Ph.D dissertation: “H+design: Time, Space, Human, Machine”
We are kept, unconsciously, captive by the sequence Past, Present, and Future. However, if we look at these concepts and make a deeper analysis, consciously, we know that the Past, Present and Future concepts of time all exist at one point. Thus, time is “now”. Since space depends on our perception of things, the definition of space is different for each one of us, relative to each one’s experiences and the point of view that is used. Hence, space is “here”. With computers and portable devices becoming smaller and more powerful, with the ability to access information at any time and from everywhere, we will be looking through a new spatiotemporal perspective, “now”here.
However, our perception of reality is at stake with these devices. As Baudrillard’s theory of simulation states, there is a point where it might be no clear distinction between where physical reality ends and simulation begins. At that point, what can we evoke as reality? Everybody observes the world differently, therefore each person’s sense experience is ultimately subjective (Teng, 2013). We were designed to be empathic, to connect with others and the sharing the affection of other individuals is deeply grounded in our human nature (Keysers, 2011). Sharing makes us feel like a part of a group and linked together. Social interaction is, therefore, very important. Different cultures have different perspectives of the world, and its problems, presenting, therefore different solutions.
With Ubiquitous technologies (computer characteristics blended with the environment), our needs can be fulfilled more easily, and for the most part without explicit interaction from us. Smart objects, connected with each other, will understand and infer our needs from our actions, events planned, among others. This kind of devices, are an open possibility to interact with other people, to share information, knowledge, to be seamlessly connected with others.This ubiquity is moving us towards a technological singularity, where humans and machines are becoming blended and that is creating changes and questions on what it means to be human and our humanity. As creators, we should be aware of the long-term consequences of our creations in our lives, our values. We have to consider how our creations, probably only created to fulfil a basic need, might affect the world, or even if it can affect, and how, our true nature. And by considering the long-term consequences, we should think longer than two or three years, we should think in a time frame longer than we would eventually have replaced our creation by another one. We need to consider how that creation will eventually change the world in a decade or more. When considering our creations in that way, we are creating better products because we are preserving our nature, our humanity, what it means to be human, by considering the consequences that creation will have in the future.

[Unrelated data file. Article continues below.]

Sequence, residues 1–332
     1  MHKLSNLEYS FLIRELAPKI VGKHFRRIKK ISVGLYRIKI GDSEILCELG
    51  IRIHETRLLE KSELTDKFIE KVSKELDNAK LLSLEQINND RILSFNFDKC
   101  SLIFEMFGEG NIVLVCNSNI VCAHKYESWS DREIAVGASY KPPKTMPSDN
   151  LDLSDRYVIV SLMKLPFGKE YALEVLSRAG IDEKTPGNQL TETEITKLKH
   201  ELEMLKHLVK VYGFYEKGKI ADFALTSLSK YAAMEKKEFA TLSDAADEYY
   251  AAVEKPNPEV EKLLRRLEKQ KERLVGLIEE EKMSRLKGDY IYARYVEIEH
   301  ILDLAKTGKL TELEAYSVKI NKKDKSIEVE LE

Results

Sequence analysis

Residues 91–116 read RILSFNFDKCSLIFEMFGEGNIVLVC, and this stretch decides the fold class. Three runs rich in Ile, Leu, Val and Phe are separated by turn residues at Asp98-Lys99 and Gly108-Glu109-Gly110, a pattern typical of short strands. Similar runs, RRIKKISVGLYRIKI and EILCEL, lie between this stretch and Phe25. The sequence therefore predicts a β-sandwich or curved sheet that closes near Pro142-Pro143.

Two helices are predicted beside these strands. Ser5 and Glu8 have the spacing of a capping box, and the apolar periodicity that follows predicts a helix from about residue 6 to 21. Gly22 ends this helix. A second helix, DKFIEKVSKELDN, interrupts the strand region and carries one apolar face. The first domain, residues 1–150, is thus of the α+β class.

This research proposes an innovative design approach supported by literature reviews and a cultural probe pilot test. This approach will be an augmentative factor for social innovation towards a new human-machine civilization in a new nature. Since natural and artificial similarities are growing every day, we should consider which characteristics of these artificial products have human traits already associated with them, to understand what makes these products partly human. These characteristics should be taken into consideration more than others because they are the ones that create the bridge between human and machine and therefore, the ones that will define in a way what it means to be human. Characteristics that transform the human body can be seen as an example, being it only to correct a deficiency or just as an enhancement of a specific human ability. However, while augmenting human’s abilities, we should be aware that emotional and moral values must also evolve, to embrace this new human-machine nature. This evolution will come gradually by the presence of new products designed to share knowledge, emotions and experiences through social oriented platforms (e.g., open source design, hackerspaces) supporting social co-operation and social augmentation, engaging people in this way at perceptual, emotional, social and intellectual levels.
As technology advances, from different fields, do we truly take a moment to reflect on how that technology might change us? Or are we only fueled by the passion to create new things, fulfil needs or the desire to change the world, with no regard to what that might do to us? As creators, we have the power to change the lives of thousands, if not millions. That, in a way, obligates us to thoroughly think about the possible outcomes of our creations. Those creations should not only be created to fulfil some immediate need but also thought in terms of the long-term effects that they might have in our lives, our society and us, as humans. We should strive to become better, to improve ourselves, without losing track of what it means to be human, without losing our humanity.
The “What If…” design manifesto presented in the final part of this thesis presents an intermediate view between humanists and transhumanists, where the acceptance of technological change is embraced as long as our values as human beings are not forgotten. It is also presented a possibility of how we can achieve that, which should be part of the normal design process.
Human-machine hybridity, near future products, cross-cultural evaluation, manifesto, innovative approach to design.